For a fairly new community, having existed only since 1967, Columbia has developed quite the reputation. Known best for its streets, which are named after the works of famous writers such as Henry Wadsworth Longfellow, Mark Twain and J.R.R. Tolkien, the area is increasingly becoming known for its unique design that incorporates 10 independent village centers.

Columbia is located southwest of Baltimore City in the central region of Howard County. Bordered by Baltimore, Carroll, Montgomery, Prince George's and Anne Arundel counties, Columbia lies conveniently between the Baltimore and Washington Metropolitan areas. In addition to its accessible location, Columbia's schools and high property values have made it one of the most desirable places to live in Maryland.

In an effort to improve the quality of life for the area's residents, the Rouse Company developed the concept of village centers in the early 1960s. The idea was to bring people of different races, religions and income levels together in a community, and to use as its focal point a convenient village center that provided residents with every basic amenity at their fingertips.

James Rouse, founder of the Rouse Co., wanted to develop a city that achieved four main goals: meet the basic needs of its residents, respect and have a relationship with nature, contribute to the growth of mankind and make a profit. Columbia, it seems, was Rouse's utopian dream.

Columbia's more than 80 miles of pathways serve as a way for residents to experience nature. (Photo by Rachel Hinson, special to

Rouse's vision of acceptance and integration -- a community that embraces human values -- is evident in Columbia's five interfaith centers. Churches are housed at the center of these establishments, while each religious community is allotted its own space. A wide range of religions, from Christian to Islam and even Unitarian Universalist, are represented in the interfaith centers.

Several decades after its conception, Columbia has done much more than just fulfill the vision of the Rouse Co. New developments including housing, shopping and recreational facilities have helped to bring Columbia together to function as a cohesive unit, not just a collection of independent villages.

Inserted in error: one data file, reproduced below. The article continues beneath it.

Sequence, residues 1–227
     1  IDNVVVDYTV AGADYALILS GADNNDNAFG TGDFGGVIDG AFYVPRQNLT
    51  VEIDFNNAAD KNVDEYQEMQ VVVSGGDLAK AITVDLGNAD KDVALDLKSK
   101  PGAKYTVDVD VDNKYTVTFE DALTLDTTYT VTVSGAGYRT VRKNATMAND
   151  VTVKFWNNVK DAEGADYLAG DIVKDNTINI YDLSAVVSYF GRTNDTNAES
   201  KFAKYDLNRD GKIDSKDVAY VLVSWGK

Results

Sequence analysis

A strong community connection holds great value in Columbia, but a connection with nature is deemed equally important. The Columbia Association (CA), a private, non-profit community service organization, is dedicated to making life in Columbia enjoyable and enriching. More than 3,100 acres of open space are owned and maintained by CA including lakes, parks, tot lots and more than 80 miles of pathways. On any given day, rain or shine, it is no surprise to see a handful of residents out walking.

The Columbia Association is also responsible for many of the recreational facilities in Columbia. Three fitness centers, more than 20 swimming pools, an ice rink and a SportsPark/SkatePark, which offers skate ramps, miniature golf and batting cages, are just a few of the many facilities that CA provides to its residents.

Merriweather Post Pavilion, built in 1967, has served not only the community, but all of Maryland. In its original form, as a unique outdoor concert venue, Merriweather has featured acts such as the Grateful Dead, Pearl Jam, Led Zeppelin and Sarah McLachlan, and hosted festivals like the Lilith Fair and the Capital Jazz Fest.

General Growth Properties, Inc. bought out The Rouse Co., developer of Columbia, in August 2004. (Photo by Rachel Hinson, special to

Since General Growth Properties, Inc. purchased the Rouse Co. in 2004, the future of Merriweather has been uncertain. The company is attempting to convert the outdoor concert space into a completely enclosed venue. The county is currently deciding whether to buy Merriweather to ensure its future in Columbia -- a plan favored by residents -- but it is on the market for private buyers, as well. General Growth would also like to plan retail and parking facilities on the land surrounding the venue, called Symphony Woods, putting in jeopardy the area that hosts events and festivals such as the Symphony of Lights and Wine in the Woods.